The first sign of skis are on 4,500 to 5,000 year old rock drawings, for example at Rødøy in Norway. These drawings depict a man on skis holding a stick. The remains of skis have also been found in bogs, with the oldest ski found in Hoting, Sweden, which is around 4,500 years old.
The earliest people to ski in Fennoscandia were most propably distant ancestors of modern day Samis. Old historic recordings mention people called Skrithifinns or "skiing wanderer". Other history sources say that skiing in Iran dates back to 2,000 BC, when ancient tribes are said to have produced a ski board made from animal hide.
During the 17th century the baron of Valvasor wrote reports on skiing activities in Slovenia. At the time Skis were used by the military which consequently speeded up their development and spread. The Norwegian military had skiing competitions from the 1670s and the first known civilian ski race took place in 1843 at Tromsø, Norway.
Skis were used in the Sierra Nevada gold fields in 1850 and later to ferry mail from Carson City, Nevada to Placerville, California in 1856, crossing 94 miles in 4 days. Downhill ski races, with speeds of up to 90 mph, were organized between competing mining camps by 1857.
Pioneer Sondre Norheim, from Morgedal in Telemark, known as the father of modern skiing for inventing the equipment and techniques that led to modern skiing as we see it today. Having grown up in the farmlands of Norwegian Telemark, Norheim invented a "birch" binding that enabled skiers to ski without the risk of losing their skis.
Then, in 1870, Norheim introduced a short, curved, flexible ski he crafted in order to allow for easy turning in soft snow. Norheim, at the age of forty-three, went on to become the winner of the first Norwegian downhill skiing competition in Christiania, now known as Oslo. He may not have actually invented anything, since there is little evidence to prove that he did, as most of the inventions attributed to Norheim were known a long time before him. The story about Sondre as the father of modern skiing was largely constructed in Norway from the 1930s, especially in connection with the Olympic Winter Games in Oslo in 1952. However, Sondre Norheim proved an inspiration for generations of skiers.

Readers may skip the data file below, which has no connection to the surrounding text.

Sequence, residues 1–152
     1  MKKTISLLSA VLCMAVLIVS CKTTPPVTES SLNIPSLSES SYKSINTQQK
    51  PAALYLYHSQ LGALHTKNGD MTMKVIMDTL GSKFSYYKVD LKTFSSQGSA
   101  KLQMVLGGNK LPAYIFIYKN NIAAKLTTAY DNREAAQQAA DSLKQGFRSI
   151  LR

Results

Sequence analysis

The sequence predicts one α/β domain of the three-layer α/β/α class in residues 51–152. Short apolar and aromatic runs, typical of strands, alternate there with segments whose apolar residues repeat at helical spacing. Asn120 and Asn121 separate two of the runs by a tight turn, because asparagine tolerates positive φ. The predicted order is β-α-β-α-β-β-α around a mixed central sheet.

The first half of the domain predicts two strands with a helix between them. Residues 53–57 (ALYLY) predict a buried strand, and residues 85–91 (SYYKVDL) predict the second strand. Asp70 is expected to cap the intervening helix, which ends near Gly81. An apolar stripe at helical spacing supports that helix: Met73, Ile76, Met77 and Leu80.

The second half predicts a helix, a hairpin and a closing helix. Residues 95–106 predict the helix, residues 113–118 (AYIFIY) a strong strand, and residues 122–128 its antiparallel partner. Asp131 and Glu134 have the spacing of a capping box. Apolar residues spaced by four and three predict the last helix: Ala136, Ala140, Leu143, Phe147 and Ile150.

In 1880, the Englishman, William Cecil Slingsby, helped inspire ski mountaineering after his crossing of the 1,550m-high Keiser Pass, Norway, on skis. Just a few years later, in 1888, the Norwegian, Fridtjof Nansen made the first crossing of Greenland, by travelling from East to West on skis. The report on his expedition aroused great interest in skiing in Europe and the United States, as well as creating a Norwegian national hero. From then on skiing was regularly in the news, and was soon adopted as a pastime and a sport by the wealthy classes of Europe, as well as being adopted by the army in several countries.
The first packaged ski holidays took place in 1903, to Adelboden, Switzerland, organised commercially by Sir Henry Lunn, under the guise of the Public Schools Alpine Sports Club, booking entire hotels. Winter holidays in Switzerland had already become very popular with the British aristocracy since the first winter tourists to St Moritz in 1864. In the second half of the twentieth century skiing had become a sport for the rich. Skiing became as much a fashion statement as it was a sport.
Snowboarding in its earliest form appeared in the 1920s and, in 1939, Vern Wickland was filmed riding a primitive snowboard down a Chicago hill. However, it wasn't until the 1960s that snowboards were marketed commercially. In 1965, Sherman Poppen was outside his Michigan house one day, sledging with his daughters, when his 11 year old was going down the hill, standing on her old sled. Poppen bound two skis together and used a string tied to the nose of the board so the rider could have control of the board. His wife called it the Snurfer and it went into commercial production later that year. Now skiing was not the only way to get down a mountain!
During the early years of the sport, snowboards and snowboarders were not widely respected by the ski industry who rather looked down their noses at these new upstarts. Snowboarding was seen as a fad that would quickly disappear. Many resorts did not allow snowboards initially. Those who did insisted on the use of leashes and were also known to insist that riders prove their ability before being allowed on the hill! However, the sport prevailed, not least in part to a group of pioneers, such as Poppen, Bob Webber, Jake Burton Carpenter (who went on to found Burton Snowboards), Brandon Bridwell, Tom Sims to name just a few who developed and produced innovative prototypes. Finally, Snowboarding became an Olympic winter sport in 1998.
Winter snowsports now hugely popular - just look at the diversity: